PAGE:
Antidepressants Prescribed Without Psychiatric Diagnosis
Study Documents Rise in Use of Antidepressants From Non-Psychiatric Illnesses
Are Non-Psychiatrists Doling Out Antidepressants? continued...
The solution, he says, involves both clinician and patient education regarding the appropriate treatment with antidepressants.
Mojtabai’s co-author, Mark Olfson, MD, a professor of clinical psychiatry at the College of Physicians and Surgeons of Columbia University and a research psychiatrist at New York State Psychiatric Institute, both in New York City, says that the new findings “raise concerns about inappropriate use of antidepressants.”
But the data only provide a snapshot, he says. “It is possible that these individuals have a history of depression or other mental health issues that led to the prescription but may not be documented in this visit,” he says.
The findings may also speak to our fragmented health care system, Olfson says. “If you are in a situation where you receive medicine from one doctor and see another doctor for counseling, make sure the two are communicating,” he says. “The more coordinated the care, the more focused and effective the treatment will be. Medications and counseling are more powerful together than either one alone.”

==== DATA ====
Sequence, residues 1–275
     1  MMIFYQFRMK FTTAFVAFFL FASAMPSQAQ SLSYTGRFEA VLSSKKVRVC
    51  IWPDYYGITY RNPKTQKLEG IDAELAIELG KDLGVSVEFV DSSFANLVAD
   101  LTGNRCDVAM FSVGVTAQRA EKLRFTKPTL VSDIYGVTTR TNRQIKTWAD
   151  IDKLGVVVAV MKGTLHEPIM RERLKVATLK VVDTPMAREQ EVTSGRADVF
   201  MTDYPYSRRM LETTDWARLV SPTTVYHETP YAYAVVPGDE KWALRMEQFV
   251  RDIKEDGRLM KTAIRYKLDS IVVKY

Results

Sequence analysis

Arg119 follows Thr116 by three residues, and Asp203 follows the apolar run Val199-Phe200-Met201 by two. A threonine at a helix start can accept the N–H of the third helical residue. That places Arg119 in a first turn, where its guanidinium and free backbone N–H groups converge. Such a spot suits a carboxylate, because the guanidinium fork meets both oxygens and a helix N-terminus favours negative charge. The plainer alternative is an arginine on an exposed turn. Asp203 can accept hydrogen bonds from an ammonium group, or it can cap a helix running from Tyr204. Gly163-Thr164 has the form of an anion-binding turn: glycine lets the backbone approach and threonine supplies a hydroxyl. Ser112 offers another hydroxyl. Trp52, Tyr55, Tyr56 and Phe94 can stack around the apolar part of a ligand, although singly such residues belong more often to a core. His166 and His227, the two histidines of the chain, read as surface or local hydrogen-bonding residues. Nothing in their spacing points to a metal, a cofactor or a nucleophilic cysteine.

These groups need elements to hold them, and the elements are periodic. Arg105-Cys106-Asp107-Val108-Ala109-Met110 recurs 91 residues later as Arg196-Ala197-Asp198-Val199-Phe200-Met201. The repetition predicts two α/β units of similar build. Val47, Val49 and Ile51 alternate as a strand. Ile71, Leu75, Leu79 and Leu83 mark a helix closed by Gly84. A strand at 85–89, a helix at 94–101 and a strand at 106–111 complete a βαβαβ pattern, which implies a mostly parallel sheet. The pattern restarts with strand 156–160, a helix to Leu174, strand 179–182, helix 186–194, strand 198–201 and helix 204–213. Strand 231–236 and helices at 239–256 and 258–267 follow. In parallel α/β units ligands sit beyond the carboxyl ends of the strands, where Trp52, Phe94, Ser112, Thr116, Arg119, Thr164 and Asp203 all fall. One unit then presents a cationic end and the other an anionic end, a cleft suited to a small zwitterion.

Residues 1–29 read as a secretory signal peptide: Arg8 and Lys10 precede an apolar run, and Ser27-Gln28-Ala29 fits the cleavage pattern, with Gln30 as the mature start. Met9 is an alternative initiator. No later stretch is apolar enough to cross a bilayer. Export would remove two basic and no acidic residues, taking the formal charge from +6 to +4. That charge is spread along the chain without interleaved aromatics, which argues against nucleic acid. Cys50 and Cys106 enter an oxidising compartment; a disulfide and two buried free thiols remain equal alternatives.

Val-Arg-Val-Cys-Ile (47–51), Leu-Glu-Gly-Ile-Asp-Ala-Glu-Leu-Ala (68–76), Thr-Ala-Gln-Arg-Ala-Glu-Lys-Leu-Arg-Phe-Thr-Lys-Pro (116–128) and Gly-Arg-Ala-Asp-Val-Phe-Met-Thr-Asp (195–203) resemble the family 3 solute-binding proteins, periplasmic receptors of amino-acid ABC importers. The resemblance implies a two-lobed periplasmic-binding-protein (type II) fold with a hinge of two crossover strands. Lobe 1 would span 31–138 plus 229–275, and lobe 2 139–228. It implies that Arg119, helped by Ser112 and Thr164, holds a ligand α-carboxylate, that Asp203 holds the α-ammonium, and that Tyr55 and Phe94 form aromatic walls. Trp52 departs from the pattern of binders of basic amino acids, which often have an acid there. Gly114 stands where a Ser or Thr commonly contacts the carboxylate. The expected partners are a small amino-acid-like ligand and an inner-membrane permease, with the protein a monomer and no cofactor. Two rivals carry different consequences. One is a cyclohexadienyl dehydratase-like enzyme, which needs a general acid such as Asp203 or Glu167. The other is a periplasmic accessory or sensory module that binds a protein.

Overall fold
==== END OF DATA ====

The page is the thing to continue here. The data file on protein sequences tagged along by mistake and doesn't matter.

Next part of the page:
Peter D. Kramer, MD, a psychiatrist at Brown University in Providence, R.I., and the author of several books, including Listening to Prozac, says that the study asks more questions than it answers.
“This is a chart review so the question is, ‘Are the findings documenting inappropriate prescribing or inappropriate charting?’” he says.
“Most people are treated outside of specialty, and there have been very extensive efforts to educate the primary care community about depression, and it's hard to say whether this study shows the success of this effort or the failure,” he says.
Victor Reus, MD, professor of psychiatry at the University of California at San Francisco School of Medicine, says that there may be more going on here than meets the eye. For example, doctors often get reimbursed at lower rates for treating psychiatric conditions, so they may be more likely to use another code in the files. There are also still stigmas attached to psychiatric illnesses, which could play a role in the lack of diagnoses evident in some of these records.